Desson Thomson Recommends

The fun of "Collateral," the current action movie starring Tom Cruise and Jamie Foxx, is in the psychological tussle between them. It isn't enough that contract killer Vincent (Cruise) is forcing cabbie Max (Foxx) to be his getaway driver while he murders people. He's got to probe Max's psyche, too, focusing on his foibles and failures. He's that most formidable of adversaries: the one who knows you intimately. Here are three great movies that have also trod this turf:

Strangers on a Train (1951, 101 minutes) -- In this Alfred Hitchcock classic, Robert Walker (who here suggests a sort of 1950s Bill Murray) is Bruno Anthony, an engaging stranger who sidles up next to tennis pro Guy Haines (Farley Granger) on a train and suggests with oozy charm that he'll kill Guy's annoying wife if Guy returns the favor and offs Bruno's mom. It seems like some terrible joke. But when Bruno takes action to honor his end of the "contract," Guy realizes he's in the nightmare of his life. It's canny casting: Walker is much more appealing than the rather frigid Granger, which intentionally gives us a confused perspective. (Rated PG for some violence and tension)

The Silence of the Lambs (1991, 118 minutes) -- FBI agent Clarice Starling's manhunt for a psychotic killer who skins his victims becomes unforgettably unnerving when the young trainee (Jodie Foster) is dispatched to interview Dr. Hannibal Lecter (Anthony Hopkins). She finds a chilling sociopath who has a taste for human flesh and, worst of all, sees through Clarice's show of machismo. To find the killer, Clarice realizes she's going to have to withstand the searing, X-ray gaze of a man sensitive enough to understand her most private memories but savage enough to tear her to shreds if she were to reach into his cell. He's her ally from hell. (Rated R)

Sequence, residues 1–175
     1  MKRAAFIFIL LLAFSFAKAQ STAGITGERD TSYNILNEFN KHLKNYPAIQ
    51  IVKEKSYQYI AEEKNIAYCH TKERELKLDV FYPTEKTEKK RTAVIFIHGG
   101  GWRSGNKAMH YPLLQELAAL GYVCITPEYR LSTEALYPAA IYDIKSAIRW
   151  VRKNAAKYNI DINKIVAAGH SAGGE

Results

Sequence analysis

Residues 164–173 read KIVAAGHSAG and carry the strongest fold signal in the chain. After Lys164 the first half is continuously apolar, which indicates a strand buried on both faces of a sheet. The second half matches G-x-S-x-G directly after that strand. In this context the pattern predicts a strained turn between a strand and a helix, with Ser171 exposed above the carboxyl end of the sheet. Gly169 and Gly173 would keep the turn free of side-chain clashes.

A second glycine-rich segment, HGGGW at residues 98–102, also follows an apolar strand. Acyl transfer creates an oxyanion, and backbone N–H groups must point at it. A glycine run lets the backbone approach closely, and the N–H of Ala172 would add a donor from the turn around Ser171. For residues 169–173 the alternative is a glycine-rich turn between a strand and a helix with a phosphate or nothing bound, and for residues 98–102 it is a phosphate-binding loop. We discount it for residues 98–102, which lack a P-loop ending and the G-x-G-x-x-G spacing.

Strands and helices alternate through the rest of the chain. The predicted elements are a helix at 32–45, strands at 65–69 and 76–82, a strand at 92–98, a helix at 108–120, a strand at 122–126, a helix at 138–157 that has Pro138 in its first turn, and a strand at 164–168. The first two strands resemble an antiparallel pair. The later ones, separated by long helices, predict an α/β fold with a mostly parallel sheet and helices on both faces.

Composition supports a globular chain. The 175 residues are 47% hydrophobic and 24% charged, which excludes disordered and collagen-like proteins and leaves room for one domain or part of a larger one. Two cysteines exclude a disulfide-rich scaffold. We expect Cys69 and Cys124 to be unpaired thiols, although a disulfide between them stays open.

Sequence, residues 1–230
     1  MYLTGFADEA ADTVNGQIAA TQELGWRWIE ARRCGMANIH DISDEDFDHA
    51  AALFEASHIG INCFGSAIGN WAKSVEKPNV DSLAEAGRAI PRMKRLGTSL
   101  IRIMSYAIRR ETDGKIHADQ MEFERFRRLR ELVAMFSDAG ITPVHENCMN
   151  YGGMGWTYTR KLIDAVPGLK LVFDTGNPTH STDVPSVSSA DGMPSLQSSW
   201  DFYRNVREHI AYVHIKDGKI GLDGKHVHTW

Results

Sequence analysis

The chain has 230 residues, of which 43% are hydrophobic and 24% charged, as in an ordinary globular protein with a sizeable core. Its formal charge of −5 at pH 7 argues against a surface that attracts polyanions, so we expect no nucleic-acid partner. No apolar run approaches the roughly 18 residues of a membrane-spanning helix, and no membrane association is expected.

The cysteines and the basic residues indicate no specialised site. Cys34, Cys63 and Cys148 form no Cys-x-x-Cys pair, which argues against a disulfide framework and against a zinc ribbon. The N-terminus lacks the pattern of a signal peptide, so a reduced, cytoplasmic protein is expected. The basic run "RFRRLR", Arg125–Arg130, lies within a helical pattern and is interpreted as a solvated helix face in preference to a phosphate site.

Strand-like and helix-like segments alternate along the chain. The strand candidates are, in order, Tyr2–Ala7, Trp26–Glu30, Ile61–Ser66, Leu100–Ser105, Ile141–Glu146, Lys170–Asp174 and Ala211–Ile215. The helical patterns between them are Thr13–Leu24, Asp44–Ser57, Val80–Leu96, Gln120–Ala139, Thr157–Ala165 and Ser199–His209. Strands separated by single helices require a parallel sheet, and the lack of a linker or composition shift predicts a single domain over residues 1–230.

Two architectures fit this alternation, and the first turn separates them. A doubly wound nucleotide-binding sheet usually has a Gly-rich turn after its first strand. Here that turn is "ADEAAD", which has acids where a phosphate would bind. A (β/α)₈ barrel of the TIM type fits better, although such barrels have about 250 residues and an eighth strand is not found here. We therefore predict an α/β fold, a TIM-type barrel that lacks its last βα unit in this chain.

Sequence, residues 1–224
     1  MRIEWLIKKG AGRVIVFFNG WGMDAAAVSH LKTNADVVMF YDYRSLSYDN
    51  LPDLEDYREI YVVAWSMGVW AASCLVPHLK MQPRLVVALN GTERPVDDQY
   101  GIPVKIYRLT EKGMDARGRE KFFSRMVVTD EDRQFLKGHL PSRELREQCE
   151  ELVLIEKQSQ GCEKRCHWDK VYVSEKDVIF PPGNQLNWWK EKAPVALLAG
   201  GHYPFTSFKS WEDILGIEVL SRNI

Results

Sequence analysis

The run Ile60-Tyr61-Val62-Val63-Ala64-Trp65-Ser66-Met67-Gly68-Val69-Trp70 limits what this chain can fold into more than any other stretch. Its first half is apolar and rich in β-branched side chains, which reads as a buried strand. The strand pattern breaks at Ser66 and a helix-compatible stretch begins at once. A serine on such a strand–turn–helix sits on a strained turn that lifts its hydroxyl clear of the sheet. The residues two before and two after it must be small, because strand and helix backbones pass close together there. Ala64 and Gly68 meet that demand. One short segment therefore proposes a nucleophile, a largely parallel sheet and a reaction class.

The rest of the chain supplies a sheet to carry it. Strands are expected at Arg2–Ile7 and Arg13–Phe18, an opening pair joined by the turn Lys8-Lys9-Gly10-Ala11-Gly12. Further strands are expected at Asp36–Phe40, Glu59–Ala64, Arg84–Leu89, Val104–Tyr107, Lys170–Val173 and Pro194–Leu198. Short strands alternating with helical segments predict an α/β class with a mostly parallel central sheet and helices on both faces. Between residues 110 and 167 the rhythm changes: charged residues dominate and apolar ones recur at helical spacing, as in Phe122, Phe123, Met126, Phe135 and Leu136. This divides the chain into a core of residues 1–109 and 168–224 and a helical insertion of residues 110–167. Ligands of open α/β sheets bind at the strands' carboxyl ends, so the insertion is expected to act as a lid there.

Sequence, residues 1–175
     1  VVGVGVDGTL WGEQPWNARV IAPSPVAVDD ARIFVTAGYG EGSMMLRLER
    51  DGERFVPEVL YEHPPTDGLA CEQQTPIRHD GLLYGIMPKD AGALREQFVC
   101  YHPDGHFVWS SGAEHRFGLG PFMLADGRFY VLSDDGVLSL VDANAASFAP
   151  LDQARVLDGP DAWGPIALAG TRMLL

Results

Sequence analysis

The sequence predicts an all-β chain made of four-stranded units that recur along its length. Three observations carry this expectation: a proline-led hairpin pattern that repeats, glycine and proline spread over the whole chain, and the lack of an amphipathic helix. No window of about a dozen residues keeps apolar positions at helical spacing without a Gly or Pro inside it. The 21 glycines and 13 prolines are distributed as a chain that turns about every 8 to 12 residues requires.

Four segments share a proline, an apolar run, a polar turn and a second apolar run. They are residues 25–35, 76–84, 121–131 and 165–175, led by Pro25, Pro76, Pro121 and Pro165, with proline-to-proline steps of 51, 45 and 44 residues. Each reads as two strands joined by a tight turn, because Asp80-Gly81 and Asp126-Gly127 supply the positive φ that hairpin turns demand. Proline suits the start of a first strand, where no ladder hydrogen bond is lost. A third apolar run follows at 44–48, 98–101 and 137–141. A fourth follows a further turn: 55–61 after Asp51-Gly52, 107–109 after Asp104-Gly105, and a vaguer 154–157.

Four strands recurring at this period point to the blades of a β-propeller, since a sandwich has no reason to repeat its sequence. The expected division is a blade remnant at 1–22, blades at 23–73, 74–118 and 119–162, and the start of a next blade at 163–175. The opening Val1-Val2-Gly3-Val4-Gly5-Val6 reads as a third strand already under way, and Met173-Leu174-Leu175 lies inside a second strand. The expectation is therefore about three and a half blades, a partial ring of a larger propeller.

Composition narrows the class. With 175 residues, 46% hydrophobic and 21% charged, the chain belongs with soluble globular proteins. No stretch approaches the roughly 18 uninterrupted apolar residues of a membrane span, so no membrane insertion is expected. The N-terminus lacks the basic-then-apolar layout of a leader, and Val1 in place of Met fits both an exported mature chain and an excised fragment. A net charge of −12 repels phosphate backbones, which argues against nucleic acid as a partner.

Play It Again, Sam (1972, 85 minutes) -- Woody Allen is the consummate romantic nerd, Allan Felix, who's completely clueless about how to score with women. An unusual, otherworldly presence decides to become his spiritual counselor: none other than Allan's movie idol, Humphrey Bogart. This Bogey in the shadows seems to know Allan's every weakness only too well. But when Allan tries to apply Bogey's postwar romantic techniques, he's a disaster. Best scene: Allan, attempting to be suave, gestures while holding a jazz LP -- only to send the disc whizzing out of its jacket and crashing into a wall. (Rated PG)

Farley Granger and Robert Walker in "Strangers on a Train."